Best practices for conditional access in Azure Active Directory

With Azure Active Directory (Azure AD) conditional access, you can control how authorized users access your cloud apps. This article provides you with information about:

  • Things you should know
  • What it is you should avoid doing when configuring conditional access policies.

This article assumes that you familiar the concepts and the terminology outlined in Conditional access in Azure Active Directory

What’s required to make a policy work?

When you create a new policy, there are no users, groups, apps, or access controls selected.

Cloud apps

To make your policy work, you must configure:

What How Why
Cloud apps You need to select one or more apps. The goal of a conditional access policy is to enable you to control how authorized users can access cloud apps.
Users and groups You need to select at least one user or group that is authorized to access your selected cloud apps. A conditional access policy that has no users and groups assigned, is never triggered.
Access controls You need to select at least one access control. If your conditions are satisfied, your policy processor needs to know what to do.

What you should know

How are assignments evaluated?

All assignments are logically ANDed. If you have more than one assignment configured, all assignments must be satisfied to trigger a policy.

If you need to configure a location condition that applies to all connections made from outside your organization's network:

  • Include All locations
  • Exclude All trusted IPs

What to do if you are locked out of the Azure AD admin portal?

If you are locked out of the Azure AD portal due to an incorrect setting in a conditional access policy:

  • Verify whether there are other administrators in your organization that are not blocked yet. An administrator with access to the Azure portal can disable the policy that is impacting your sign in.

  • If none of the administrators in your organization can update the policy, you need to submit a support request. Microsoft support can review and update conditional access policies that are preventing access.

What happens if you have policies in the Azure classic portal and Azure portal configured?

Both policies are enforced by Azure Active Directory and the user gets access only when all requirements are met.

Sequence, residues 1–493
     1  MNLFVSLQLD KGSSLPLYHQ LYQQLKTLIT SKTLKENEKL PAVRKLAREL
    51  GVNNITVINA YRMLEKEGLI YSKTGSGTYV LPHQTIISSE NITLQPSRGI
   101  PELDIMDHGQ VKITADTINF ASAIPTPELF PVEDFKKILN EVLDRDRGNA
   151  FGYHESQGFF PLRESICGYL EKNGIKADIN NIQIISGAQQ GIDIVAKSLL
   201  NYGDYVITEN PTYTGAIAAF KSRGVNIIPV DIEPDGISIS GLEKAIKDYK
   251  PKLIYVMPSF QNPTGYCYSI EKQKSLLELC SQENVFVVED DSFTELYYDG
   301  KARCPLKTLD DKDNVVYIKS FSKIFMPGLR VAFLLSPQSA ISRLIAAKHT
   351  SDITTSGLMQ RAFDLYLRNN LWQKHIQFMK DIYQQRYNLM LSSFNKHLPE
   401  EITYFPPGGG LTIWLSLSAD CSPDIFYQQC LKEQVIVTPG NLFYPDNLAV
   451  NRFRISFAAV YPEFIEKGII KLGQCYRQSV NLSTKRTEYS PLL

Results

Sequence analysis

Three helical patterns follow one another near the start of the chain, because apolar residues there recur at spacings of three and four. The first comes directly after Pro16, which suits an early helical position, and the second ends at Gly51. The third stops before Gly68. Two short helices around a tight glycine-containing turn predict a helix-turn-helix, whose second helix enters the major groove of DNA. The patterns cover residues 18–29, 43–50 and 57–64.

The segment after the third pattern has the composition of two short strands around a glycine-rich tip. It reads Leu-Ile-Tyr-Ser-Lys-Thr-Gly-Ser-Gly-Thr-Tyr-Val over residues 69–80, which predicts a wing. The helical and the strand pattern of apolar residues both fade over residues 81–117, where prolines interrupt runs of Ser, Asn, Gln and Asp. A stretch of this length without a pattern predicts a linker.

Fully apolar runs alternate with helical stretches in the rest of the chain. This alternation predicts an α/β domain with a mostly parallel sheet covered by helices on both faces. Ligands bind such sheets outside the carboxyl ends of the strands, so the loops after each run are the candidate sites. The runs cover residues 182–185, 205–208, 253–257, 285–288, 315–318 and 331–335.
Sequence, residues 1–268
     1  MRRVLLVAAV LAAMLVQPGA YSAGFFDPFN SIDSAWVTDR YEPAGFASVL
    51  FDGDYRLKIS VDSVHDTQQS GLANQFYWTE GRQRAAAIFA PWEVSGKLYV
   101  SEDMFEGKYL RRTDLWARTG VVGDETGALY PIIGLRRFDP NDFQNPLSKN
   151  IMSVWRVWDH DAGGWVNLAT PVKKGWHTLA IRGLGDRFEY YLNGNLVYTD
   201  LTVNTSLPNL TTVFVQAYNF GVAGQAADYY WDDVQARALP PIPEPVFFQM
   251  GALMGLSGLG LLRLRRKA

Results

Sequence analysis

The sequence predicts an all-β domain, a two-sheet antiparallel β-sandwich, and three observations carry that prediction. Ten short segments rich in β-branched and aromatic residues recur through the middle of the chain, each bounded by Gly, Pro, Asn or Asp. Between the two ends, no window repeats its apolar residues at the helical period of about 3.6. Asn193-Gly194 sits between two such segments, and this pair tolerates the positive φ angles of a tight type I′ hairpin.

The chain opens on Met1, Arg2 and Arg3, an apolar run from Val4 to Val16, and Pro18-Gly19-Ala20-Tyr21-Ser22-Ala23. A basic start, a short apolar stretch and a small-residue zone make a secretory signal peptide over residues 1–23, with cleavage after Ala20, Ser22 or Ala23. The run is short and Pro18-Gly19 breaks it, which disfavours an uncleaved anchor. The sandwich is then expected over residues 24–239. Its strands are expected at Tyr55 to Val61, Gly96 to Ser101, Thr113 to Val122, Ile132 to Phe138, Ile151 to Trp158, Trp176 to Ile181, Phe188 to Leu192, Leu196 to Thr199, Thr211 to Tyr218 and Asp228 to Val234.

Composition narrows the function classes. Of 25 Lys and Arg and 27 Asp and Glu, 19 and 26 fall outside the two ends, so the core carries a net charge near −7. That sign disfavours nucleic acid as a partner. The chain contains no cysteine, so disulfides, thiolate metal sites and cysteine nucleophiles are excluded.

What happens if you have policies in the Intune Silverlight portal and the Azure portal?

Both policies are enforced by Azure Active Directory and the user gets access only when all requirements are met.

What happens if I have multiple policies for the same user configured?

For every sign-in, Azure Active Directory evaluates all policies and ensures that all requirements are met before granted access to the user.

Does conditional access work with Exchange ActiveSync?

Yes, you can use Exchange ActiveSync in a conditional access policy.

What you should avoid doing

The conditional access framework provides you with a great configuration flexibility. However, great flexibility also means that you should carefully review each configuration policy before releasing it to avoid undesirable results. In this context, you should pay special attention to assignments affecting complete sets such as all users / groups / cloud apps.

In your environment, you should avoid the following configurations:

For all users, all cloud apps:

  • Block access - This configuration blocks your entire organization, which is definitely not a good idea.

  • Require compliant device - For users that have not enrolled their devices yet, this policy blocks all access including access to the Intune portal. If you are an administrator without an enrolled device, this policy blocks you from getting back into the Azure portal to change the policy.

  • Require domain join - This policy block access has also the potential to block access for all users in your organization if you don't have a domain-joined device yet.

For all users, all cloud apps, all device platforms:

  • Block access - This configuration blocks your entire organization, which is definitely not a good idea.

How should you deploy a new policy?

As a first step, you should evaluate your policy using the what if tool.

When you are ready to deploy a new policy into your environment, you should do this in phases:

  1. Apply a policy to a small set of users and verify it behaves as expected.

  2. When you expand a policy to include more users, continue to exclude all administrators from the policy. This ensures that administrators still have access and can update a policy if a change is required.

  3. Apply a policy to all users only if this is really required.

As a best practice, create a user account that is:

  • Dedicated to policy administration
  • Excluded from all your policies

Policy migration

Consider migrating the policies you have not created in the Azure portal because:

  • You can now address scenarios you could not handle before.

  • You can reduce the number of policies you have to manage by consolidating them.

  • You can manage all your conditional access policies in one central location.

  • The Azure classic portal has been retired.

For more information, see Migrate classic policies in the Azure portal.

Next steps

If you want to know how to configure a conditional access policy, see Get started with conditional access in Azure Active Directory.